UK privacy watchdog ends WhatsApp probe after compliance pledge

File photo showing a facebook at a conference in Brussels, Belgium Jan 23, 2018. (Reuters)
Updated 14 March 2018
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UK privacy watchdog ends WhatsApp probe after compliance pledge

LONDON: Britain’s privacy watchdog said it had dropped an investigation into WhatsApp after the messaging service signed an undertaking not to share the personal data of users with its owner Facebook.
The decision by Information Commissioner Elizabeth Denham means WhatsApp, which has 1.5 billion monthly users, will not be fined and that any future sharing of user data would be governed by European privacy rules that enter into force in May.
“I am pleased to state that WhatsApp has now signed an ‘undertaking’ wherein they have given a public commitment not to share personal data with Facebook,” Denham said in a blog post on Wednesday.
The decision marks an important resolution for Facebook, the world’s biggest social network, which is under fire in the United States over the propagation of so-called ‘fake news’ during campaigning for the 2016 presidential election.
Facebook is also under scrutiny over its handling of user data to target online advertising — a business that it, together with Google, has come to dominate globally.

The UK privacy authority opened its probe in Aug. 2016 after WhatsApp, which Facebook bought for $19 billion in 2014, updated its privacy policies to say that it would share information with the Facebook ‘family’ of companies.
The reasons given were to help to improve services, fight spam and improve user experiences — including making product suggestions and showing relevant offers and advertisements.
At the time, data protection officials expressed concern that users of WhatsApp were not being fully informed about how their data was being used nor their consent sought.
Similar investigations are under way in Germany where the country’s main anti-trust office, the Federal Cartel Office, has found that Facebook abused its dominant position in its handling of user data — including from its online properties WhatsApp and Instagram.
France’s data privacy watchdog said in December that it might fine WhatsApp if it does not comply with an order to bring its sharing of user data with Facebook into line with French privacy law.
Denham said that she had been assured by WhatsApp that no data had been shared with Facebook other than as a data processor — in line with a pledge that was given after the UK probe was opened.
“WhatsApp cares deeply about the privacy of our users. We collect very little data and every message is end-to-end encrypted,” said a WhatsApp spokesperson in response to the UK decision.
“As we’ve repeatedly made clear for the last year we are not sharing data in the ways that the UK Information Commissioner has said she is concerned about anywhere in Europe.”


Saudi Arabia ‘has a case’ in complaint over World Cup ‘politicization’ by Qatar’s BeIN

Updated 19 June 2018
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Saudi Arabia ‘has a case’ in complaint over World Cup ‘politicization’ by Qatar’s BeIN

  • Broadcast of political messages in coverage forbidden, analyst confirms.
  • Saudi football federation urges FIFA to sanction the Doha-owned channel.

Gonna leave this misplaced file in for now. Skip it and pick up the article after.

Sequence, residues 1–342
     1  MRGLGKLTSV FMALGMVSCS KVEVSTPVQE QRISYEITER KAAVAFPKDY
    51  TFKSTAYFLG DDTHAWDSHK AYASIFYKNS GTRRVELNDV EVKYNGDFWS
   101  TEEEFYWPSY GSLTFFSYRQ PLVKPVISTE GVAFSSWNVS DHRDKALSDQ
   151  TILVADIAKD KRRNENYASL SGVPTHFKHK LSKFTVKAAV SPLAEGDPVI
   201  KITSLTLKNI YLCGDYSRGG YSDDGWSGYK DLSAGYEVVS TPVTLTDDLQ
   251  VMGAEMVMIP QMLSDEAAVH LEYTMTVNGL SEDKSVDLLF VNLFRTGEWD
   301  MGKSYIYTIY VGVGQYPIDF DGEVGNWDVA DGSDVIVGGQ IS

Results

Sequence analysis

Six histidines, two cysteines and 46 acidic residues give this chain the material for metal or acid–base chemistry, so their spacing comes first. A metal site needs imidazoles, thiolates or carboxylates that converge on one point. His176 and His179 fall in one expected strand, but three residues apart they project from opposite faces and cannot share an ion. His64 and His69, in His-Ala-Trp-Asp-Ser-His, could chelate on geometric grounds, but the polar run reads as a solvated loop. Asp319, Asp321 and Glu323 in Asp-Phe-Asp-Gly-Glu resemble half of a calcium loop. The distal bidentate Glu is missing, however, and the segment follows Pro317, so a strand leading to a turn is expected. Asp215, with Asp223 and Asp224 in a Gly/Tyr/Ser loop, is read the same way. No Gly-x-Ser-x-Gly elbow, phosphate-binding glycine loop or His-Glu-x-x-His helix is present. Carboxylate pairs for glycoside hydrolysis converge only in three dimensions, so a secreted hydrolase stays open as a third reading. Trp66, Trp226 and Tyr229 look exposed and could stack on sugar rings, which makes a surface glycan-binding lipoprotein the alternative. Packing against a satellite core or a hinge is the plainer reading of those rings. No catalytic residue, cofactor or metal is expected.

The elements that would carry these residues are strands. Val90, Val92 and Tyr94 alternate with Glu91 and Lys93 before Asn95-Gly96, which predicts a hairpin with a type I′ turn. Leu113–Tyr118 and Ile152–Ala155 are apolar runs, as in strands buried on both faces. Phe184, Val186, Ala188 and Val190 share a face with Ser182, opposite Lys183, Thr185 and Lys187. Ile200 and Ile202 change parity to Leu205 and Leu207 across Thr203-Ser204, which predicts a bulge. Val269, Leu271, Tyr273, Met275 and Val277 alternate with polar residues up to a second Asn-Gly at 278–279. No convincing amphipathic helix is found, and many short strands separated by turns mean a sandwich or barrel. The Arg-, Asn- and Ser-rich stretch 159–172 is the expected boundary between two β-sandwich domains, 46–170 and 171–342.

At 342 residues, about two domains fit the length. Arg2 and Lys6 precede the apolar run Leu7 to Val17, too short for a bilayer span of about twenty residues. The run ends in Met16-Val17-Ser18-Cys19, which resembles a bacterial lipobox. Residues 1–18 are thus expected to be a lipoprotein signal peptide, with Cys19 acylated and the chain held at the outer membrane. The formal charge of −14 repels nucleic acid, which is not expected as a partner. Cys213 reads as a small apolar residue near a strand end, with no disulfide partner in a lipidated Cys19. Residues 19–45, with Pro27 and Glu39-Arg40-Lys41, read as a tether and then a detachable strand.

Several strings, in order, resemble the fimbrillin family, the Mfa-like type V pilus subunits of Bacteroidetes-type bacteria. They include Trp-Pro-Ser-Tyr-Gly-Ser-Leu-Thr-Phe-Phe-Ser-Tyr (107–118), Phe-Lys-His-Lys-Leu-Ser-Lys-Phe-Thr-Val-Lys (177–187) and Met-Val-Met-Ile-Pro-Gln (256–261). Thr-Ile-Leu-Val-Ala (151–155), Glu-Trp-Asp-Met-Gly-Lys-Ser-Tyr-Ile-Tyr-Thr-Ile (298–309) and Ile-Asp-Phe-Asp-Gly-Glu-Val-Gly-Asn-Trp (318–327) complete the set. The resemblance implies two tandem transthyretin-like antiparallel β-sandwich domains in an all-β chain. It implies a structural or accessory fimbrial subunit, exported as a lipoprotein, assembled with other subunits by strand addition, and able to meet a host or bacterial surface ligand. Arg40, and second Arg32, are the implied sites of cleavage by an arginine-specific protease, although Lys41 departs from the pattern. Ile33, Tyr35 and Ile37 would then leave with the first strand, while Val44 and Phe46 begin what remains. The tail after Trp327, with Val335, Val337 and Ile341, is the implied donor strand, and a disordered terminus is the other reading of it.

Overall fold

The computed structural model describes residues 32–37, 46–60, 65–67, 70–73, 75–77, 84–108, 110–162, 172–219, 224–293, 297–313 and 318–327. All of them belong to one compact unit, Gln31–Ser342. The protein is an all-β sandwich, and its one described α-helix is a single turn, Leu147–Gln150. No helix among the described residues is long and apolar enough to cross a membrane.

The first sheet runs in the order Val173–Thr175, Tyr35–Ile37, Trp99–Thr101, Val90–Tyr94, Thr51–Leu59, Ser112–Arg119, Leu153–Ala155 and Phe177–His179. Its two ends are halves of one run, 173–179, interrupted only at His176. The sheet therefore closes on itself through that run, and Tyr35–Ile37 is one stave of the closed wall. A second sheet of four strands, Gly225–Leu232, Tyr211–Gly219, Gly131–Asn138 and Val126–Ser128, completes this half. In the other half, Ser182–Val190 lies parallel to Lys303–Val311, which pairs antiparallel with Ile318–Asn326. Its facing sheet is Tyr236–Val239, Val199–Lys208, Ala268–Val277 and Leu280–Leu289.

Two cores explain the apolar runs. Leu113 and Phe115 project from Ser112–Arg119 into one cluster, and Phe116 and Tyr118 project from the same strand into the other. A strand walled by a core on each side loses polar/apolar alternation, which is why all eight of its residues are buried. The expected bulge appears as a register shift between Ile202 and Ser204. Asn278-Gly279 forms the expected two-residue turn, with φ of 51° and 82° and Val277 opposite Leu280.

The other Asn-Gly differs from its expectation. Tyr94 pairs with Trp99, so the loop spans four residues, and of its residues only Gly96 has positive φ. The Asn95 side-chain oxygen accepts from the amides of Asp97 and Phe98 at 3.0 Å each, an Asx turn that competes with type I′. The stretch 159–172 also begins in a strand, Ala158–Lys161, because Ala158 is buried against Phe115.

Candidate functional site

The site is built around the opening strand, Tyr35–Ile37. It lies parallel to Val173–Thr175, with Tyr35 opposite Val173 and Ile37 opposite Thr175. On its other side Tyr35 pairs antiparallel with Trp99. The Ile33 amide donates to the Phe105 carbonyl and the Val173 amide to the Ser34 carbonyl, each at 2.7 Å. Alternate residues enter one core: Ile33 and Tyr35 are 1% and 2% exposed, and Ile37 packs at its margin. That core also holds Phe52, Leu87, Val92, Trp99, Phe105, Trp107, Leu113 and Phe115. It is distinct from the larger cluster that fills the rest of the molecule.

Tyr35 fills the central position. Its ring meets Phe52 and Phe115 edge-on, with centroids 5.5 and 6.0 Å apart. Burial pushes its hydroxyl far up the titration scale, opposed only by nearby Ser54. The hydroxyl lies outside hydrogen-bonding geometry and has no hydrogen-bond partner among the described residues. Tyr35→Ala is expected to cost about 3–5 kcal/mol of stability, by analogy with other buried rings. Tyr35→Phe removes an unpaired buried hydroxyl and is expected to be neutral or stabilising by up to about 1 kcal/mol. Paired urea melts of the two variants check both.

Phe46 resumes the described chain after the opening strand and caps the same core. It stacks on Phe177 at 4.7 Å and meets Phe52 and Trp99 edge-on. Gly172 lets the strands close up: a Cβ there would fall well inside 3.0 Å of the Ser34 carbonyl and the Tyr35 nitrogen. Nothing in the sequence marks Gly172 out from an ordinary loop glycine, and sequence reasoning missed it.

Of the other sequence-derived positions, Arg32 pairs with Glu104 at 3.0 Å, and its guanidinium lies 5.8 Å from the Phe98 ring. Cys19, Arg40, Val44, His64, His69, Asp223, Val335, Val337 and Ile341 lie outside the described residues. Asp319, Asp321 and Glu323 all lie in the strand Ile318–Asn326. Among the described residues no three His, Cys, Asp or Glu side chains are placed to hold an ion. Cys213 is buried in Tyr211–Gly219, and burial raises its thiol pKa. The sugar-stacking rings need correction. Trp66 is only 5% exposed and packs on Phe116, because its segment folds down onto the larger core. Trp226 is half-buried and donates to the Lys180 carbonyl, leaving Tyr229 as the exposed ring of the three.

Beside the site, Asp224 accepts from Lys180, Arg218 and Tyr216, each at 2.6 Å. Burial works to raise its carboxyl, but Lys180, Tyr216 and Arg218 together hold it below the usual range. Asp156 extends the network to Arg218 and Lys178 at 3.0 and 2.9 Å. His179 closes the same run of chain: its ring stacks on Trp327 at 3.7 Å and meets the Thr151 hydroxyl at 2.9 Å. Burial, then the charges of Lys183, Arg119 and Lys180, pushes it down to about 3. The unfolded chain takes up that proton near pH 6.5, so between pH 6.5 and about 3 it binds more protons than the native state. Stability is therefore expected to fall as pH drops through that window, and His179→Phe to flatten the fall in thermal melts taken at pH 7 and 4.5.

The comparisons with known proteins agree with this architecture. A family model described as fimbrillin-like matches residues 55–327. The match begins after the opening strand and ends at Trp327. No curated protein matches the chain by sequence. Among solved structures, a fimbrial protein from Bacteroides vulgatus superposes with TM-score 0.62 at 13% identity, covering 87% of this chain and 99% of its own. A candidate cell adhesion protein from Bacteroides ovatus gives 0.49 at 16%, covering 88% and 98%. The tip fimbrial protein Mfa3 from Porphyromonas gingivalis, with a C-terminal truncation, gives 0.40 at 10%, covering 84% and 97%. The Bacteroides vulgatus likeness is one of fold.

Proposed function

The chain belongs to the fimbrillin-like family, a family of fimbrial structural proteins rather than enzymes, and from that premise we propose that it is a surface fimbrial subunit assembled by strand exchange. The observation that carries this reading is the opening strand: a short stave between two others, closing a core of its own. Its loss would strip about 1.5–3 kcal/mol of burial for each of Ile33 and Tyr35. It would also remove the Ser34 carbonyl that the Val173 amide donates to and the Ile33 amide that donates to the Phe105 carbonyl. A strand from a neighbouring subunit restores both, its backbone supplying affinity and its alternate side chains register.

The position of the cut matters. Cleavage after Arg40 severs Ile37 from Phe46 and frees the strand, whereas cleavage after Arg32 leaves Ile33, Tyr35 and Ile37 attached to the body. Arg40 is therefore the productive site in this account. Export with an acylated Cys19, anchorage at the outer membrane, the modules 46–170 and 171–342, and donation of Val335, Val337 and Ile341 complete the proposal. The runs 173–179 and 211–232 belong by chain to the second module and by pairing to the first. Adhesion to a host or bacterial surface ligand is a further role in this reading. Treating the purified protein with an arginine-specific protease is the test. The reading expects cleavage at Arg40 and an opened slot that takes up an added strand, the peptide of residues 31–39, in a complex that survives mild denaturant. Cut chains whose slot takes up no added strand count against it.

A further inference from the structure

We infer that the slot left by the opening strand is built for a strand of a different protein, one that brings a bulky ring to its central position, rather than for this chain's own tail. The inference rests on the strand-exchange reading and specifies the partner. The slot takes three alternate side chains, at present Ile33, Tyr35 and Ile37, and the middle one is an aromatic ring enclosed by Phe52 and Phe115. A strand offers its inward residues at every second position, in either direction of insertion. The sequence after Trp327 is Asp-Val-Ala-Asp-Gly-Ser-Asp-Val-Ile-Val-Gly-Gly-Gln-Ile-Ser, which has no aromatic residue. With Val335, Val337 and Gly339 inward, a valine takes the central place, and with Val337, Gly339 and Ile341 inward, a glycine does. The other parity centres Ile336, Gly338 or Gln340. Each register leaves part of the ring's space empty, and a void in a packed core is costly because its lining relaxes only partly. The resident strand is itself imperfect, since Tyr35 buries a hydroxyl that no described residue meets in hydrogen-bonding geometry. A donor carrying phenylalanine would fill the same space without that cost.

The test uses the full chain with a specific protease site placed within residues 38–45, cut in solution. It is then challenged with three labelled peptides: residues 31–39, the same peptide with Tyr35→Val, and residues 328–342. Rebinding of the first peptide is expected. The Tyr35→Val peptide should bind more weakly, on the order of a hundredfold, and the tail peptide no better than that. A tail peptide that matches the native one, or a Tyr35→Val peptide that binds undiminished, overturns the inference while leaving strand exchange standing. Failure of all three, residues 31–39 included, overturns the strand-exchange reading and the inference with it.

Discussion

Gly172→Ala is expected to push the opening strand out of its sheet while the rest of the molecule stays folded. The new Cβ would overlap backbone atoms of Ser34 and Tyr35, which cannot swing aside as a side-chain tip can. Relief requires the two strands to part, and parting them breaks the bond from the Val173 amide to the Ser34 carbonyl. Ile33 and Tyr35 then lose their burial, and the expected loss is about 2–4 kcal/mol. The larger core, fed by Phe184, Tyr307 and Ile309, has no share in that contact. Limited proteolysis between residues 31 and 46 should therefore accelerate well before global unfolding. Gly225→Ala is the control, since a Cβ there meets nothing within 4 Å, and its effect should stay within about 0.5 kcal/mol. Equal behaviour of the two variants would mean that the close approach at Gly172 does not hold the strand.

LONDON: Saudi Arabia has a justified case in complaining to FIFA over the “politicization” of the World Cup by the Qatari broadcaster BeIN Sports, a prominent TV analyst has said.
A flurry of comments by hosts and pundits aired on BeIN’s Arabic station prompted the Saudi Arabian Football Federation to complain to FIFA this week, saying the broadcaster was using the football tournament to spread political messages aimed at insulting Saudi Arabia and its leaders.
In its complaint, the federation called on FIFA to take severe sanctions against the Qatari channel and to abolish the rights granted to the network.
One BeIN commentator accused Saudi Arabia of “selling out the Palestinian cause,” while a Doha-based international footballer invited on the channel was allowed to call for an end to the year-long boycott of Qatar by neighbors Saudi Arabia, the UAE, Egypt and Bahrain.
Constantinos Papavassilopoulos, principal TV research analyst at IHS Markit Technology, said that politicized coverage was expressly forbidden by world football’s governing body as well as the Union of European Football Associations (UEFA).
“FIFA and UEFA forbid the transmission of political messages during football matches for which they control the rights. It’s not only comments by the broadcasters — but even banners; everything (political) is forbidden,” the analyst told Arab News.
“So messages about Palestine, about political things, are not allowed.”
Papavassilopoulos said that if there is evidence of such cases, authorities in the Kingdom would be justified in taking the matter to FIFA.
“If there are video clips that show BeIN media personnel speaking against Saudi Arabia, Saudi Arabia has a case,” he said.
But whether FIFA will take any action against BeIN is another matter. Papavassilopoulos pointed to the fact that BeIN is a valued client of FIFA — it bought the rights to host the World Cup across the Middle East and North Africa — and that Qatar plans to host the tournament in 2022.
“BeIN media is a very good client for FIFA. And don’t forget that Qatar is the country that will host the 2022 World Cup,” he said. “It’s going to be very very hard for FIFA to impose penalties on BeIN media knowing that Qatar will hold the next World Cup.”
Some of the biggest names in Arab sport have signed a petition to protest against BeIN’s politicization of World Cup coverage, urging FIFA President Gianni Infantino to investigate the coverage.
FIFA did not immediately respond to a request for comment when contacted by Arab News.